Woman sews hundreds of quilts for patients at Florida Hospital

'You don't know how what you do touches somebody'

ORLANDO, Fla. – A crafting project has quickly become an assembly line for handmade quilts inside one woman's home.

Beth Saffer started quilting after a trip to a local fabric store with her daughter. She met a nurse who worked in the neonatal intensive care unit and was looking for patterns to make isolette covers for the hospital.

"I didn't work, I just wanted to start quilting, so I found an outlet for them," Saffer said.

Since she began quilting, Saffer has sewn 817 isolette covers, quilts, Christmas stockings and pillowcases for children at Florida Hospital.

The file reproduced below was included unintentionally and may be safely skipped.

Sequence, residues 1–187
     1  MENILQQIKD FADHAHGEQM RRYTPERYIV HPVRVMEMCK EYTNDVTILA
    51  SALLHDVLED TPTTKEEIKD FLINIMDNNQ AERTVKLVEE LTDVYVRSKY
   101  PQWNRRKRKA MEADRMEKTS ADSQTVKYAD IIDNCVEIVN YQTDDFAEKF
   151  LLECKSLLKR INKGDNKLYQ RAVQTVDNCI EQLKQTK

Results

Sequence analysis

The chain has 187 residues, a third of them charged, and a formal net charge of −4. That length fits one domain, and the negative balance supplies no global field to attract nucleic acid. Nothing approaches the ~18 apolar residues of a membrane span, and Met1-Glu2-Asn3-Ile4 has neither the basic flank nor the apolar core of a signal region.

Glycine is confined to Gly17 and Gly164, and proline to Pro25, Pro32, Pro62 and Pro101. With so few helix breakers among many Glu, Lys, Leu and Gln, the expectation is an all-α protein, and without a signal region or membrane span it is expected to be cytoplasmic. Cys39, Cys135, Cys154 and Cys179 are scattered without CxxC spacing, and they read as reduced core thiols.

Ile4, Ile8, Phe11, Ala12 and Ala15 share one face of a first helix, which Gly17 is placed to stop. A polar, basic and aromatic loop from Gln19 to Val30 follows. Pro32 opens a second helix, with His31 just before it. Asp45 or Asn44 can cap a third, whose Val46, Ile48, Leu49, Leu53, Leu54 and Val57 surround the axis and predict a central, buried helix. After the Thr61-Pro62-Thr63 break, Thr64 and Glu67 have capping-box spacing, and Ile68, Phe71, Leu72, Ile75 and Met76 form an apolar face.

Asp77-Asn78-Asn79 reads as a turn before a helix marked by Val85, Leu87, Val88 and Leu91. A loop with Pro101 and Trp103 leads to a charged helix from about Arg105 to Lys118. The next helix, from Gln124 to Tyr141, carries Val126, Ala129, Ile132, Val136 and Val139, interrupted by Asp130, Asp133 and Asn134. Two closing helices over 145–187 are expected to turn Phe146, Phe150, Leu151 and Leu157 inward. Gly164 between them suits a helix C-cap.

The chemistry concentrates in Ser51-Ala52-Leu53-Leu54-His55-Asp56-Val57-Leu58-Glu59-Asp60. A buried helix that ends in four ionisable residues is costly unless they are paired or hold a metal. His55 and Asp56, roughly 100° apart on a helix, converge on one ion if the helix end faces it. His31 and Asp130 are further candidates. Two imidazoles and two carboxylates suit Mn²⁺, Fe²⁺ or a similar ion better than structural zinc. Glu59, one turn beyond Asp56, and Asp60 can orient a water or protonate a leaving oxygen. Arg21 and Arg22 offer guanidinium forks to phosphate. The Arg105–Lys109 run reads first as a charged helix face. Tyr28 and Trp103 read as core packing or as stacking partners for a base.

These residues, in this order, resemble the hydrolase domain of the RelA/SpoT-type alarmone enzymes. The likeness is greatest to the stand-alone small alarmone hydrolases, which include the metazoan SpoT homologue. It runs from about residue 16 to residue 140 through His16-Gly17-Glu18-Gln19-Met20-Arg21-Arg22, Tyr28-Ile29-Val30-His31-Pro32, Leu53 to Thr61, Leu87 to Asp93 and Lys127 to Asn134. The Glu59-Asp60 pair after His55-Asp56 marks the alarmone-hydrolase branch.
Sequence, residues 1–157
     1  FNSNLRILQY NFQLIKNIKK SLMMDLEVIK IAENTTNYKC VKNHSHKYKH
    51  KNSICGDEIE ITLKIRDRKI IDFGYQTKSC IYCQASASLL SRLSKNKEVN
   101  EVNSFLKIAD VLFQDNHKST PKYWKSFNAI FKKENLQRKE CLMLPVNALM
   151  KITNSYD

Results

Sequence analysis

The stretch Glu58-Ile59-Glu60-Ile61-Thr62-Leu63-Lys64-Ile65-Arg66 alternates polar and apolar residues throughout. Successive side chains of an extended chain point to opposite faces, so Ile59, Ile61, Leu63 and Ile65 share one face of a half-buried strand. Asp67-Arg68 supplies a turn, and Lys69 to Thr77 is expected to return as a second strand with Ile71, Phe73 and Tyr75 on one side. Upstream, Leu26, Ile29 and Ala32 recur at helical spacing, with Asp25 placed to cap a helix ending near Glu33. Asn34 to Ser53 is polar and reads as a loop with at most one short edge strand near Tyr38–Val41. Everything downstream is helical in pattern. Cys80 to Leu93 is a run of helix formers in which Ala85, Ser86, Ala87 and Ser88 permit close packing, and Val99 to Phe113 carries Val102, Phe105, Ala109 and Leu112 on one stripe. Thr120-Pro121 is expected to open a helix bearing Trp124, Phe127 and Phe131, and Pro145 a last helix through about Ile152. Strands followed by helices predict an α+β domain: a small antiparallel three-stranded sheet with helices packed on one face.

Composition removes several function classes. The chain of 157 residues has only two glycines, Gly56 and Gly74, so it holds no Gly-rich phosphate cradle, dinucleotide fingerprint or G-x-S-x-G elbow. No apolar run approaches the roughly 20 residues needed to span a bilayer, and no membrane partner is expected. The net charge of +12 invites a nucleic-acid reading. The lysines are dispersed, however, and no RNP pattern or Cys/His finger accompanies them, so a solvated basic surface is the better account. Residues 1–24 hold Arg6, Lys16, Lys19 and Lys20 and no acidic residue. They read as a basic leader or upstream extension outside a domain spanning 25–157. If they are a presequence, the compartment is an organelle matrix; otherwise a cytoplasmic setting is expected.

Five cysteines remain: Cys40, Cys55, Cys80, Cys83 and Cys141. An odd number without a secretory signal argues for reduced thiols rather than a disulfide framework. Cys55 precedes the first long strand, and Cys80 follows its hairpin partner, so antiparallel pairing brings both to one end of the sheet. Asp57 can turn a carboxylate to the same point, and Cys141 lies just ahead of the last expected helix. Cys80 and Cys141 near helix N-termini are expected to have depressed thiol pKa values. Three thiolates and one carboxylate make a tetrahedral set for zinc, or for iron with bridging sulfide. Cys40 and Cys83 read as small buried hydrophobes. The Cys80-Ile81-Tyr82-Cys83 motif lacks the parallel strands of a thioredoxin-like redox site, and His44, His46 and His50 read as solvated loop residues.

The bright patterns are chosen specifically because the babies see the covers as soon as they start opening their eyes.

NICU child life specialist Summer Bernath said oftentimes the quilts are more for the parents than they are for the kids.

"The lingo is different, and the expectations are different, and they really lack a lot of control. Because they can't control what their baby's body is doing, and so that leads to a lot of anxiety," Bernath said.

Bernath said without Saffer's donations, the hospital would not be able to provide quilts for each pediatric patient.

Parents who lose their children to illness in the hospital take Saffer's quilts home.

"Which is so so important, because they're not old enough to have built a legacy yet," Bernath said.

Saffer sews labels on every quilt to let parents know they are handmade, but she doesn't normally meet the families.

She did get to meet the family of one baby in the NICU in February, and called the experience emotional.

"You don't know how what you do touches somebody," Saffer said.

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